It was a calming concert at the end of a rollercoaster of a week.
On a day when there has been jubilant dancing in the streets by so many people, and the solitary reflections of many others, the DSSO concert “Afternoon Dances” on Saturday evening filled the audience’s hearts with the spirit of both the joyous and the profound.
As they did with their first concert of the season, the Duluth Superior Symphony Orchestra performance was offered both as a virtual, “at home” event and in-person for patrons masked and socially distanced at the Duluth Entertainment Convention Center.
The October concert featured only strings. On Saturday, they added woodwinds, horns, harp and percussion. The musicians and the maestro were also masked and socially distanced.
In his introduction to the concert, conductor Dirk Meyer said the evening was going to be one of “extreme contrasts.”
Their first piece, “Prelude to the Afternoon of the Faun” by French composer Claude Debussy, is based on a poem by Stéphane Mallarmé. The poem tells the story of a mythical faun (half-man and half-goat), who, on a languid afternoon, falls asleep in the woods and dreams of nymphs he had been unable to catch when awake.
Debussy’s landmark modernist and impressionist work begins with an ethereal and sensuous opening flute solo, with other wonderful featured solos from the oboe, clarinet, horn and harp. The orchestra created evocative musical imagery of the fanciful story.
Franz Joseph Haydn’s “Cello Concerto No. 1 in C Major” has a storied history. The Baroque-style piece was lost around the time it was written, somewhere between 1761 and 1765. It did not resurface until 1961. Since then, it has been recognized as the most well-known concerto for the cello.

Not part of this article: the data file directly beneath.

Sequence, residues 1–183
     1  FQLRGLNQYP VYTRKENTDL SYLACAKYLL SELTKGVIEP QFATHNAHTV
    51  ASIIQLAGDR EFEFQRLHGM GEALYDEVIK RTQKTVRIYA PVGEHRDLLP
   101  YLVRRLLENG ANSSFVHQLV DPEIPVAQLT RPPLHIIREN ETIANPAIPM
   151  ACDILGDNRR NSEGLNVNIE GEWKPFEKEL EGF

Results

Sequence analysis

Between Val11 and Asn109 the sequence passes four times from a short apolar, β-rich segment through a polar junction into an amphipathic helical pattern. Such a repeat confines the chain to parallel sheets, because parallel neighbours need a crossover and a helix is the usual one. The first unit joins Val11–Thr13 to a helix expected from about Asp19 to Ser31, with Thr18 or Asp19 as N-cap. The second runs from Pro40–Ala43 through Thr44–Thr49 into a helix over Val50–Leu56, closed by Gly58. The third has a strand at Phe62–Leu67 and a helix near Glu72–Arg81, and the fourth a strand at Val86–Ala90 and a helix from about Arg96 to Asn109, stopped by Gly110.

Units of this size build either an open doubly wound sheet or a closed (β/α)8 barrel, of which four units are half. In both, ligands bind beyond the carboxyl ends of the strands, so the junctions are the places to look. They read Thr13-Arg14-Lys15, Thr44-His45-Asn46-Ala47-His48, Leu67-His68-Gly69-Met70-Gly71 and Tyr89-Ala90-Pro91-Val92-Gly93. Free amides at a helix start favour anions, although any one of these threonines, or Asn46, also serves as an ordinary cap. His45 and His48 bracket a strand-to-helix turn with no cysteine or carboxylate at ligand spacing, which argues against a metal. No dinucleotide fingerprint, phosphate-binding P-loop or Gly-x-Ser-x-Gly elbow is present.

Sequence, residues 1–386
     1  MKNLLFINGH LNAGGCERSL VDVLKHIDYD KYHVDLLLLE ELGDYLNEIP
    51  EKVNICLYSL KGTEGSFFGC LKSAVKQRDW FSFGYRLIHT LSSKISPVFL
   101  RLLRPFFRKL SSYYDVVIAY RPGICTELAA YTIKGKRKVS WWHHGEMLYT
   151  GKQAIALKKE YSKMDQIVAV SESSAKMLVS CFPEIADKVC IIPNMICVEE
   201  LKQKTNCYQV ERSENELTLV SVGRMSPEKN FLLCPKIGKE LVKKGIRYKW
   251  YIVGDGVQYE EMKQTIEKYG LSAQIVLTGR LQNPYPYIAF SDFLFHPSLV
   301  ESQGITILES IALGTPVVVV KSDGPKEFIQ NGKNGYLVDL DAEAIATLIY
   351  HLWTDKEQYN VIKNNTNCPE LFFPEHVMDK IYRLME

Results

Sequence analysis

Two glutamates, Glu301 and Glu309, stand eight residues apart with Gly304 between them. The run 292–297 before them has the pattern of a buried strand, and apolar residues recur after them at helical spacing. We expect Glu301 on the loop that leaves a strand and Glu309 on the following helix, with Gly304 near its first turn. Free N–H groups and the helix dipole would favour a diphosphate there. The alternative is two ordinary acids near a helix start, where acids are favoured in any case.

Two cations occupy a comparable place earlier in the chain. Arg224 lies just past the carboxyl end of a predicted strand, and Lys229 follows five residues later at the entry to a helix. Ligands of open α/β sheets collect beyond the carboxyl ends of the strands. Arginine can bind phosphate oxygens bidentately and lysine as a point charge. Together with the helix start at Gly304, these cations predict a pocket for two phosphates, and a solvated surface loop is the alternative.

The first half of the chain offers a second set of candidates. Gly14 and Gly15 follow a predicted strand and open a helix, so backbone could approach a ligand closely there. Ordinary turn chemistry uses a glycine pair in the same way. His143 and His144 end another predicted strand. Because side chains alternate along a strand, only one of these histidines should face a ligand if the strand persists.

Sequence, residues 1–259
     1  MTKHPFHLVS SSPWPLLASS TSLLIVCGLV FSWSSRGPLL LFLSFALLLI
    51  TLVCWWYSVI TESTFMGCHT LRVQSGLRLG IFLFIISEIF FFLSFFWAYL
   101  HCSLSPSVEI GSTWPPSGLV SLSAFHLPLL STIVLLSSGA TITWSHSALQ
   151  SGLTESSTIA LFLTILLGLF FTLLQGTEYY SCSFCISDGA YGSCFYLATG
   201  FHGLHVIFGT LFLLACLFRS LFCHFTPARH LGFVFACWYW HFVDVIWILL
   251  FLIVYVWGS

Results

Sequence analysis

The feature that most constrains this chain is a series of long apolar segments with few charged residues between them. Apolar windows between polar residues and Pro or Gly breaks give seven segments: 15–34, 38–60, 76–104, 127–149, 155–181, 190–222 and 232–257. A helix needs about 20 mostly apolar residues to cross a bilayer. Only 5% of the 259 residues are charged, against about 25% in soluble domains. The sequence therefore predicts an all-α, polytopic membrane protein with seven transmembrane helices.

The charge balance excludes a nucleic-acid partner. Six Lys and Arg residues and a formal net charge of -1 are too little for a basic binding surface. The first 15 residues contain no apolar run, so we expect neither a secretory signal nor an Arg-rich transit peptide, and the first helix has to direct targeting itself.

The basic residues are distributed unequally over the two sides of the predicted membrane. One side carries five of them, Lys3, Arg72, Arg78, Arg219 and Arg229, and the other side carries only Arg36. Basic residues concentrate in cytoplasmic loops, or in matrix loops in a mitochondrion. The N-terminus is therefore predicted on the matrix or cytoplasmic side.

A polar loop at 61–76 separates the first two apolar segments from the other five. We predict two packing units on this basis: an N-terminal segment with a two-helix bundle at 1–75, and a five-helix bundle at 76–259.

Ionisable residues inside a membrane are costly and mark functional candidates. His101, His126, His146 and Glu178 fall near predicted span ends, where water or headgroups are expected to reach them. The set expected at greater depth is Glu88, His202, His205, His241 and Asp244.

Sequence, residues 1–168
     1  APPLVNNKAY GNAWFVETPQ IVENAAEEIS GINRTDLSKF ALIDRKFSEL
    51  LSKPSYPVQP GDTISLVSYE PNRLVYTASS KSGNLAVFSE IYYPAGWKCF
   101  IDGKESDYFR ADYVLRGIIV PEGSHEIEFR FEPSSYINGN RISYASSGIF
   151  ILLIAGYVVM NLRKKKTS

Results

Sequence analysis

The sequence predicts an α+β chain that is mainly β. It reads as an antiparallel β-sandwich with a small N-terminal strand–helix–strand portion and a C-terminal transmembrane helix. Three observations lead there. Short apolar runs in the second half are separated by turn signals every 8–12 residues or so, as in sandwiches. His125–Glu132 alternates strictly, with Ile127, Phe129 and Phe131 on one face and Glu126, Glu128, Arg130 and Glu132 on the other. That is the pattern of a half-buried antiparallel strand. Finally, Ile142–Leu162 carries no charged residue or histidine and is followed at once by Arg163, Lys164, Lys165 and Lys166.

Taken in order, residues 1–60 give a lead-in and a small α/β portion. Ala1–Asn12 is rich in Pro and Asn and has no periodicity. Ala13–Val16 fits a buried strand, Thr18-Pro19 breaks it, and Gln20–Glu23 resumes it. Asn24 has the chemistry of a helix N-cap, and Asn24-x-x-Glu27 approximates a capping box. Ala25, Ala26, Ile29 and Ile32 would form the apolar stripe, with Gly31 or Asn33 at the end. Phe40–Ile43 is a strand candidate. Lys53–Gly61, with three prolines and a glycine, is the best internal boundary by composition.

Betsy Husby, the concerto’s cello soloist and the DSSO’s principal cellist for 35 years, had a tour-de force performance that was breathtaking through the moderato, adagio and allegro three movements. The “conversation” between the cello and the orchestra made this the highlight of the evening. Husby deservedly took a second bow for the appreciative audience.
“Fratres” by Arvo Pärt, a living Estonian composer, was written for string orchestra and percussion. Meyer described the work as minimalistic and meditative.
The music is at turns otherworldly, haunting and majestic. Pärt called his distinctive technique and style tintinnabulation, “like a bell.” The percussion added to the dramatic and stirring nature of the piece.
The evening concluded with the truest dance piece of the concert, “Danses Concertantes” by Russian composer Igor Stravinsky. With his title, Stravinsky made clear that it was written for dance performance. George Balanchine, Stravinsky’s friend and colleague, created two ballets set to this music.
Meyer invited the audience to imagine, with each different section of the work, what the “cast of characters” of the dancers might be based on the music. From the variations on the themes, one could visualize the stage filled with costumed ballet dancers swirling to the inimitable Stavinsky style.
Described as an evening of “captivating melodies and driving rhythms,” the concert lived up to its billing, providing a welcome respite in these stressful times.
If you ‘go’
What: DSSO’s “Afternoon Dances” concert
When: Streaming online at dsso.com
Tickets: $25 for all three streaming concerts: Oct. 17, Nov. 7 and Dec. 5
Sheryl Jensen is a former teacher, magazine editor and director. She reviews theater for the News Tribune.